Home > Analytic Tradition, Epistemology, Metaphysics, Summaries > W.V.O Quine: On What There Is (Summary) (Part 3)

W.V.O Quine: On What There Is (Summary) (Part 3)

March 5th, 2008


 |   [Part1] |   [Part2] |   [Part3] |   [Part4] | 

Quine’s criteria are different; his basis for claiming the significance[8] of a linguistic utterance either derives from treating it as an ultimate and irreducible matter of fact, or from analyzing people’s ordinary reactions to the utterance in question and similar utterances. He reduces the useful ways that people commonly speak of meanings to two: the having of meanings (significance) and the sameness of meanings (synonymy). One’s “giving” the meaning of an  utterance is his utterance of a synonym in a more ordinary and clearer language than the original. If such an interpretation of meaning is unsatisfactory, then one can simply speak of an utterance as significant or insignificant, and in relationship to other utterances (in synonymy or heteronomy). Though Quine recognizes the difficulty and importance of handling this approach properly, he once more refers to the lack of any increase in explanatory power resulting from adopting McX’s ontology- in this case, the adoption of special and irreducible intermediary entities called “meanings. ”

In light of the preceding arguments, McX is led to question whether any statements are possible that lead one to be committed to universals or other entities Quine finds unwelcome. Once again, Quine cites Russell’s theory of descriptions in tandem with quantifiers, explaining that the entities can be stated as bound variables, so long as it is said that “there is something [a bound variable] which red houses and red sunsets have in common. ” As explained earlier, the only way to make ontological commitments is to use bound variables. If “to be is to be the value of a bound variable,” whatever is said by names can be spoken of without names; names can be converted to descriptions, and then eliminated by Russell’s theory of descriptions; the purported namehood of an utterance can be repudiated if no respective entity is affirmed by the proper use of bound variables. Variables of quantification have a range of reference over the whole of an ontology (regardless of the particular ontology), and an ontological presupposition is convincing if and only if it must be considered among entities in this range of reference in order to establish the truth of an affirmation.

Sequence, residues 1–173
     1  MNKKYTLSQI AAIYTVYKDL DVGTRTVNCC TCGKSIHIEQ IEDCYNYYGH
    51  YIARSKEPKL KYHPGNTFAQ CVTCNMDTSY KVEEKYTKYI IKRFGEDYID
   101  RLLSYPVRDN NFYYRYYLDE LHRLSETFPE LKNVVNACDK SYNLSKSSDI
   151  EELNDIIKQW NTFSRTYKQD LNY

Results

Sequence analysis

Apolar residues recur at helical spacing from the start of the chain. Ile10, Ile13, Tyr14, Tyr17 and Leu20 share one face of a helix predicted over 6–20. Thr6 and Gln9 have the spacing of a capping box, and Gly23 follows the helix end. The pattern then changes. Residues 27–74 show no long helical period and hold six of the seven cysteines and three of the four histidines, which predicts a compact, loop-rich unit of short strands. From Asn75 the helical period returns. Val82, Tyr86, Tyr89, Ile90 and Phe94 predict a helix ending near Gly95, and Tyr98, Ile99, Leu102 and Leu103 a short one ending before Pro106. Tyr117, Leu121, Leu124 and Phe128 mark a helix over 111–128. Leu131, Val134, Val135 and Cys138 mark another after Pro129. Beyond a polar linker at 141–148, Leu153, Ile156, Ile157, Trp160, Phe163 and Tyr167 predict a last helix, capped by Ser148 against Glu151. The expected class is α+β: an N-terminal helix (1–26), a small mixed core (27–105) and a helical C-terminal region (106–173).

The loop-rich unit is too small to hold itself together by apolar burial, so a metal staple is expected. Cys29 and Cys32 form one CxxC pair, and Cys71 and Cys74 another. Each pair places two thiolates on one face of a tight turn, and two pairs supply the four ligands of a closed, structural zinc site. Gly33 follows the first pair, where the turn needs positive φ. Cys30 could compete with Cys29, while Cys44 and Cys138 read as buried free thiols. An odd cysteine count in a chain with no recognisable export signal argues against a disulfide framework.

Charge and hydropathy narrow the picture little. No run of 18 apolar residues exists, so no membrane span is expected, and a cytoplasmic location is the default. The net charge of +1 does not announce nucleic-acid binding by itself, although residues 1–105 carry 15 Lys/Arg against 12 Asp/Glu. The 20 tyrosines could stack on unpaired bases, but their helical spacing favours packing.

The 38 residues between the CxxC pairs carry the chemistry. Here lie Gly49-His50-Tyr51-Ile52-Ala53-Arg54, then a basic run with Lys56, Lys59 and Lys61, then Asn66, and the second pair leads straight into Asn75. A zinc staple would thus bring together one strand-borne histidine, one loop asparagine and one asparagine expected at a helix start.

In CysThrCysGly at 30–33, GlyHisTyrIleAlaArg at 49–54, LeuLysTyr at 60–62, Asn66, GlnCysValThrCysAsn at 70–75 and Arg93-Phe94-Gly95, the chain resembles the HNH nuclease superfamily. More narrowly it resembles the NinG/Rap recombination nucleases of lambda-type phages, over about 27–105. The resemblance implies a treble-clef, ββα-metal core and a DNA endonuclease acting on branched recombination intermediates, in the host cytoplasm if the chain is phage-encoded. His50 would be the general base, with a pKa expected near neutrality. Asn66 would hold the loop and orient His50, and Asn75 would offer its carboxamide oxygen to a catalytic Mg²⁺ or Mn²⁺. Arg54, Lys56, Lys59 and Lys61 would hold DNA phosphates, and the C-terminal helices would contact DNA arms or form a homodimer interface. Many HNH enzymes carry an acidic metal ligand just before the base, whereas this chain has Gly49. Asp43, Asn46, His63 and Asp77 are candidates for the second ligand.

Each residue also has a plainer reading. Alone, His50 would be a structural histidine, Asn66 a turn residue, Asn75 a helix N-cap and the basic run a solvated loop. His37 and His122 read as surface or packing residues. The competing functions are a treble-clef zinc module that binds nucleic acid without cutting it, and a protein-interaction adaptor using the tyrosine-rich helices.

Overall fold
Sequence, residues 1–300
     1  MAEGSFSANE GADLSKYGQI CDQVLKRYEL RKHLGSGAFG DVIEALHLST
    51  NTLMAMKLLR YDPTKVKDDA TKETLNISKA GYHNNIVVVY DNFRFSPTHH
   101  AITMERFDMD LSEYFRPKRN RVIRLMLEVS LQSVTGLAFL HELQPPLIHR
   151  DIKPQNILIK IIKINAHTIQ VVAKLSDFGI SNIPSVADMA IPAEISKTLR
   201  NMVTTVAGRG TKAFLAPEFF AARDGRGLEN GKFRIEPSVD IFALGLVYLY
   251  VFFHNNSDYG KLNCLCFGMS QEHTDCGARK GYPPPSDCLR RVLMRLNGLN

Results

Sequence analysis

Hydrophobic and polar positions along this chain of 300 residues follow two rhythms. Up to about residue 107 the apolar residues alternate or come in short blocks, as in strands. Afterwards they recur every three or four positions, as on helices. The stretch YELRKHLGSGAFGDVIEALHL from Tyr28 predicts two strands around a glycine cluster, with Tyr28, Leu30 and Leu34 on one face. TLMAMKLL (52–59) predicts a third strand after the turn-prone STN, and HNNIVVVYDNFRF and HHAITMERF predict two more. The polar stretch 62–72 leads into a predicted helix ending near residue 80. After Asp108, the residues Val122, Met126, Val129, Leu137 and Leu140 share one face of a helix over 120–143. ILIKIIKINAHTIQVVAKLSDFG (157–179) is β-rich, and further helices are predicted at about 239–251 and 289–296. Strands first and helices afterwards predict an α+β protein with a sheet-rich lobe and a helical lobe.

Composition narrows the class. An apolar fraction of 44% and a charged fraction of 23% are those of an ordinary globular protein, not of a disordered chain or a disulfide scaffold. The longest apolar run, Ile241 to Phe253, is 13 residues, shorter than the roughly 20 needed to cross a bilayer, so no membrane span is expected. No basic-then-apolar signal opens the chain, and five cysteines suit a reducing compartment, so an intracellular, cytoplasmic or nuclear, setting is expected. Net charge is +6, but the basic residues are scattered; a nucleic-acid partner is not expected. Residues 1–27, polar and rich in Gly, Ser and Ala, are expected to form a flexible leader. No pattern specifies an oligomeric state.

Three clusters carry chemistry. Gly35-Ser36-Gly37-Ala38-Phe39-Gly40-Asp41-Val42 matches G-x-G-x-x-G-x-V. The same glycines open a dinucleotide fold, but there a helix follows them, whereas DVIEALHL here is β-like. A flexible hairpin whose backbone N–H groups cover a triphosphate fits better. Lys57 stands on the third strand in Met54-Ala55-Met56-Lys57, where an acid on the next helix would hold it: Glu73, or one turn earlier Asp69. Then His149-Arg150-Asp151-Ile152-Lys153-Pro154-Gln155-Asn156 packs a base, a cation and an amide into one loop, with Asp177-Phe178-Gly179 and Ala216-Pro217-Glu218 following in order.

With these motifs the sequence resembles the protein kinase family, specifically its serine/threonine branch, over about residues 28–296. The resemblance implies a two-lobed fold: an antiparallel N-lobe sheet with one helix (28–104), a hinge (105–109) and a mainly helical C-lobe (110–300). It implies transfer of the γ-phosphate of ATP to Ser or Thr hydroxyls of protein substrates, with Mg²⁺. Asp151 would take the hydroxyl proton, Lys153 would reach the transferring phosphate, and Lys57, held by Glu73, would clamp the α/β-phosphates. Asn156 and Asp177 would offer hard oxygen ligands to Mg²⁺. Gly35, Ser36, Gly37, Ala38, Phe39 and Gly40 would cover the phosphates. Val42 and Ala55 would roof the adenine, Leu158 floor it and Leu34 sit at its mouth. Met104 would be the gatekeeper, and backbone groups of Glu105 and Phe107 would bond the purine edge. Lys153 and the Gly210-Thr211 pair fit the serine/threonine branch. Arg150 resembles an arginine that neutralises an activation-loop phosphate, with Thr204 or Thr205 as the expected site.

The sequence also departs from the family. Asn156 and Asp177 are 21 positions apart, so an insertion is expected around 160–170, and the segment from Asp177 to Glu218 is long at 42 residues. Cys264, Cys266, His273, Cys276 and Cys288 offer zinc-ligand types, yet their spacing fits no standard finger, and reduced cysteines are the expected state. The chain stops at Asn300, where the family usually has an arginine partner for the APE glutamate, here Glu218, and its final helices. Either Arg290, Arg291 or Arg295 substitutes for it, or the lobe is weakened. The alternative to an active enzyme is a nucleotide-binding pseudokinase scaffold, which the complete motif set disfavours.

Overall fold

Therefore, the utterance “some dogs are white” does not commit the speaker to recognizing doghood or whiteness as entities. Rephrased, it states, “some things that are dogs are white,” which only creates the requirement that the quantifier “something” has a range of reference that includes white dogs, but need not include whiteness or doghood. However, it is also recognized that the statement “some zoological species are cross fertile” entails a commitment to the abstract entities “zoological species” unless the subject of the statement is reducible to another entity. Generally, a commitment to any reference persists until some means of paraphrasing a statement can be devised to change (or properly delineate) its bound variable’s reference.

Choosing an Ontology

Bound variables alone do not commit one to any single ontology, but only describes the process by which one becomes committed to an ontology. One means of adjudicating among ontologies, relative to a particular theory, is by finding an ontology whose entities are required to be within the range of reference of the bound variables of the theory in order to render the affirmations of the theory true. Modern disagreement over the foundations of mathematics is divided almost exactly on the issue of which entities lie in bound variables’ permissible range of reference.

Quine suggests that Occam’s razor be fully applied as an adjudicator among ontologies and that any ontology should be accepted in the same way that scientific theories are accepted: one must seek the simplest theory that accounts for all of the evidence. In the case of ontology, one must seek the simplest conceptual scheme that can be created to account for all the elements of raw experience. Quine’s argument, by his implicit admission, refutes the realist position on universals only as much as he asserts that a physicalist ontology containing universals is a useful “myth,” specifically in the fields of the physical sciences and more so in mathematics; put differently, he refutes it only by undermining its necessity by emphasizing the marked difference between naming and meaning, untangling Plato’s beard in the process. In the end, he states that the question of which ontology to adopt remains unanswered, with only “tolerance and an experimental spirit” as advice and judgment to be reserved for each myth based on its quality relative to a particular point of view.

 |   [Part1] |   [Part2] |   [Part3] |   [Part4] | 


Comments are closed.

© 2009-2017 Christopher Khawand All Rights Reserved